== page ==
Somewhere in Europe #7: El Puerto de Santa Maria, Spain

🌹r00sj3🌹 @r00sj3March 2018 · 6 min read · Spain · #spain


It's been a long time since I had this much of a tan, and it wasn't even summer!

At the end of September, I went to El Puerto de Santa Maria. It was a Groupon deal for three weeks of Spanish lessons. I brought my bikini, just in case the weather was going to be nice a few days. I ended up on the beach almost every day, "studying Spanish"... Or just taking a nap 😎. After these 3 weeks, I collected enough Vitamine D for the coming 5 years. And enough Spanish vocabulary with that tan to pretend I was a local (NOT, but I tried).

El Puerto was completely random. This Groupon deal was just too good to be true, I didn't have much money and this was a perfect way to get a long and affordable break. All I had to do was study a little Spanish in the mornings, have lunch and then, after a 10-minute walk to the beach: Fiesta!!!


For your geo-orientation, El Puerto is located on the Southern coast of Spain, south of Seville. I flew into Seville and took the train to this town. To be picked up by someone from the language school. To walk into a building filled with Dutch cheap-asses that bought the same deal... (Kidding, I love you, guys!!)

From the start it was clear that this wasn't going to be a walk in the park. The school was also a co-living space with a large kitchen in the middle. We did our own groceries and during that first experience, we already noticed the biggest challenge in El Puerto. People in this town didn't speak English. Or maybe....they pretended that they didn't...

Because EVERYBODY knew that we were part of that language school. And I BET, the school paid the whole town to only speak Spanish with us. And so our first week was super fun, shopping with our hand and feet (and Google Translate). We ended up eating tapas that nobody really liked, we got lost because we couldn't understand the directions that we got and we decided to just eat tomates and melón because the rest of the names we kept forgetting.


In between the lessons, shopping and the beach, we had plenty of time to do some sightseeing. And we were rather surprised this town actually had some nice places to visit. For instance, the Priory Church, that dates back to 1486. I found it more impressive on the inside than the outside, but you will need to see that for yourself.


One other important site is the San Marcos Castle. A castle, former church build on top of the remains of a mosque (to make it easy). The plaza in front of the castle was the stage of a few nice concerts and we were lucky enough to enjoy one at some point.

I wasn't prepared for the cultural part of my Spanish training. They either didn't tell me, or I just didn't read the paperwork well enough. But them turning you into an alcoholic was also part of the education. Every week, the new kids (and the ones that wanted to join) could join on a wine tasting adventure in Bodegas Las 7 Esquinas. We tasted all sorts of only local sherry. And to me, it became clear that I wasn't much of a sherry lover (won't be a surprise to people that know me well enough to know that I hardly drink alcohol). I once had an amazing sherry in Madrid that made me think I loved it. But these didn't taste like that at all!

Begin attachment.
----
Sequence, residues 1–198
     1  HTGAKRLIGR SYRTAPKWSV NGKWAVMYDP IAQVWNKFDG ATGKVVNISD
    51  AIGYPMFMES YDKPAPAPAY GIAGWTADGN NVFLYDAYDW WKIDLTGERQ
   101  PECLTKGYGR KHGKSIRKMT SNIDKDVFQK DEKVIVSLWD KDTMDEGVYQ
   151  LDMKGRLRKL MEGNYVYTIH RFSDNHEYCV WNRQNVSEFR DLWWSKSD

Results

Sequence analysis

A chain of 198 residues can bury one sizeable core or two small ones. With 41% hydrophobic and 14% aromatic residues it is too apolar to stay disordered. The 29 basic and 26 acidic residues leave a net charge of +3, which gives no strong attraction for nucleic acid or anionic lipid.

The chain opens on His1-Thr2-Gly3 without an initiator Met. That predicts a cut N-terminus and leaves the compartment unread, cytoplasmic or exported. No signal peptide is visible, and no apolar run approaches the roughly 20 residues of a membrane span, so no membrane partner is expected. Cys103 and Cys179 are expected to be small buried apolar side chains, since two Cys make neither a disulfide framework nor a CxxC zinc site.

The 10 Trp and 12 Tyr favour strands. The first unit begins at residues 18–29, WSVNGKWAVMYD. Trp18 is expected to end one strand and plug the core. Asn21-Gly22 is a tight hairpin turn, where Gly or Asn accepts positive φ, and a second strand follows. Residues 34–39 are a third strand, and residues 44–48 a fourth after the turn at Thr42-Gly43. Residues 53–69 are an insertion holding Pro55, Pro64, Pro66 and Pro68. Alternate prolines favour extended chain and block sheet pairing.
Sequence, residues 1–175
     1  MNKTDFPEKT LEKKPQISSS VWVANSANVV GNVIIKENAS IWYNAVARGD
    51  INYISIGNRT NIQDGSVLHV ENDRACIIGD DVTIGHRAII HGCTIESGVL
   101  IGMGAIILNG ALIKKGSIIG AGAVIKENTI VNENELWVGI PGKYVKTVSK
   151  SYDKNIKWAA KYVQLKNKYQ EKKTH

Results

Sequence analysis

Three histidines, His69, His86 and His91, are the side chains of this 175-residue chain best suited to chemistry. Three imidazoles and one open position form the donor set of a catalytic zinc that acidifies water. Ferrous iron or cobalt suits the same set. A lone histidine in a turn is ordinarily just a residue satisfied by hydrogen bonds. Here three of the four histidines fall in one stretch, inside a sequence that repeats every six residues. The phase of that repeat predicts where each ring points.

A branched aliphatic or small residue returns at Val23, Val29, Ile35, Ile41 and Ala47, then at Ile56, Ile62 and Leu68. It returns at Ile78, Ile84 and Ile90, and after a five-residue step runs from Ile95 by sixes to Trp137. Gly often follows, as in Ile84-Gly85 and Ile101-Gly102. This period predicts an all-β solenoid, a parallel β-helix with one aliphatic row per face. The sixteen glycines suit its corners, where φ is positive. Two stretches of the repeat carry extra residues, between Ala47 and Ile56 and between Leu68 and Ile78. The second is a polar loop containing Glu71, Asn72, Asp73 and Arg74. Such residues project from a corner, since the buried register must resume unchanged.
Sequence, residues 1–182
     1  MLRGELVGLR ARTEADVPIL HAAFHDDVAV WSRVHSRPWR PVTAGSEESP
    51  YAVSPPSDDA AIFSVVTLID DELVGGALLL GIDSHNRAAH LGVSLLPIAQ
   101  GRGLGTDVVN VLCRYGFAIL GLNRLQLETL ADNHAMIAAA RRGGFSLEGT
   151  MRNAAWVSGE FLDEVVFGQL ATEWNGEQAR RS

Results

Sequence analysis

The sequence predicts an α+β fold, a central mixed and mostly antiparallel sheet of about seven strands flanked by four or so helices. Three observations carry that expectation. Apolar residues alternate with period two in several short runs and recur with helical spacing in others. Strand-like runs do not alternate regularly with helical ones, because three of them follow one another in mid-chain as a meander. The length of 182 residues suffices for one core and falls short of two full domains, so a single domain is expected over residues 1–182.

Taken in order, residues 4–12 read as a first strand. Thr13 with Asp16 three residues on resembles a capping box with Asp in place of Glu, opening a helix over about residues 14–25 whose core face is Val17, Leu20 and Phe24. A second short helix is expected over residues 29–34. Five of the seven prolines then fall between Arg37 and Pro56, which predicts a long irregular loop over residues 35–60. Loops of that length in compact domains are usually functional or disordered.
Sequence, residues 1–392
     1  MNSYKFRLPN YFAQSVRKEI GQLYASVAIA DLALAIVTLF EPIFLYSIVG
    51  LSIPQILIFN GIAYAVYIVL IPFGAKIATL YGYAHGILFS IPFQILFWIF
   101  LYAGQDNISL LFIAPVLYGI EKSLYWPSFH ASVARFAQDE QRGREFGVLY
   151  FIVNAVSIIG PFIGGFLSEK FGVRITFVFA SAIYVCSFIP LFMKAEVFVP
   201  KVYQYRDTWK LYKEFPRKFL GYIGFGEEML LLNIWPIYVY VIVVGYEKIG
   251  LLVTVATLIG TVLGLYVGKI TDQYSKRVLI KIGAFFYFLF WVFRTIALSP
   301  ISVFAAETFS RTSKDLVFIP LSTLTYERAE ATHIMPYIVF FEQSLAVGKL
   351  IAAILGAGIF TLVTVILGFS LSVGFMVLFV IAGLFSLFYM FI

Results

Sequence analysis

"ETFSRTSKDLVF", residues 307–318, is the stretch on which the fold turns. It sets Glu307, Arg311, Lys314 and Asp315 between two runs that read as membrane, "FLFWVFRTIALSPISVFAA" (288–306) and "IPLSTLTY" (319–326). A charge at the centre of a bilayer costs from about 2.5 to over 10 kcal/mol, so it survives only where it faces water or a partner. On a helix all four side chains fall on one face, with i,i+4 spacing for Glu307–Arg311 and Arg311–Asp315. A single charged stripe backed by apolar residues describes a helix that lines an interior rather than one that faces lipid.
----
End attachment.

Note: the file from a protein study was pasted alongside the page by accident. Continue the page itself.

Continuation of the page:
I gave up... didn't even want to taste the last one. But the wine-guy insisted. He was correct to do that, it wasn't that even tasted familiar? And so I learned, the only sherry that I love was from this area: Nectar Pedro Ximénez. Sweeter than the average sherry and with a name that helps you remember that. Since that day I try to always have a bottle of Nectar Pedro Ximénez at home.



There was also another excursion part of the deal: a visit to the bull ring. This is one of the largest bull rings in Spain and I was happy to see that there wasn't a fight going on, except for a weird photoshoot with a model on a motorbike...


Although I hate that people do this to animals, it was impressive to walk in this huge stadium. The entrance with the dead bull-heads was macabre enough to set the tone for our group. But this building was just amazing!!





From that moment, we decided to (from then on) only participate in the drinking and food eating trips organised by the school. And we went on a few self-organised trips. El Puerto is a perfect spot for that, with a boat connection to Cadiz and a train away from Seville and Jerez. A few of the group even went to Morocco for a day trip, by taking a ferry from Tarifa (digital nomad hotspot of Spain).


And so the three weeks in El Puerto passed while studying Spanish and not studying on the beach (although there is always that -1- person that wants to practice words when you want to read a book).

I learned that there is a difference between perro and pero and that I wanted to marry a chico muy rico rico. We slowly became better in Spanish and were able to have a conversation in the fruteria and order something different for once.

El Puerto just had it all. We enjoyed the old and atmospheric old town centre of El Puerto in the evenings. We went to the beach of Fuentebravía for cocktails and sunsets (and wet t-shirt photo shoot...). We ate too many (fishy) tapas and became great friends! I would do it again in a heartbeat. And I probably will have to because I forgot all the Spanish that I learned in El Puerto de Santa Maria. Adiós




Also in this series:

My Ireland series:

My California series:


Topics: SPAIN

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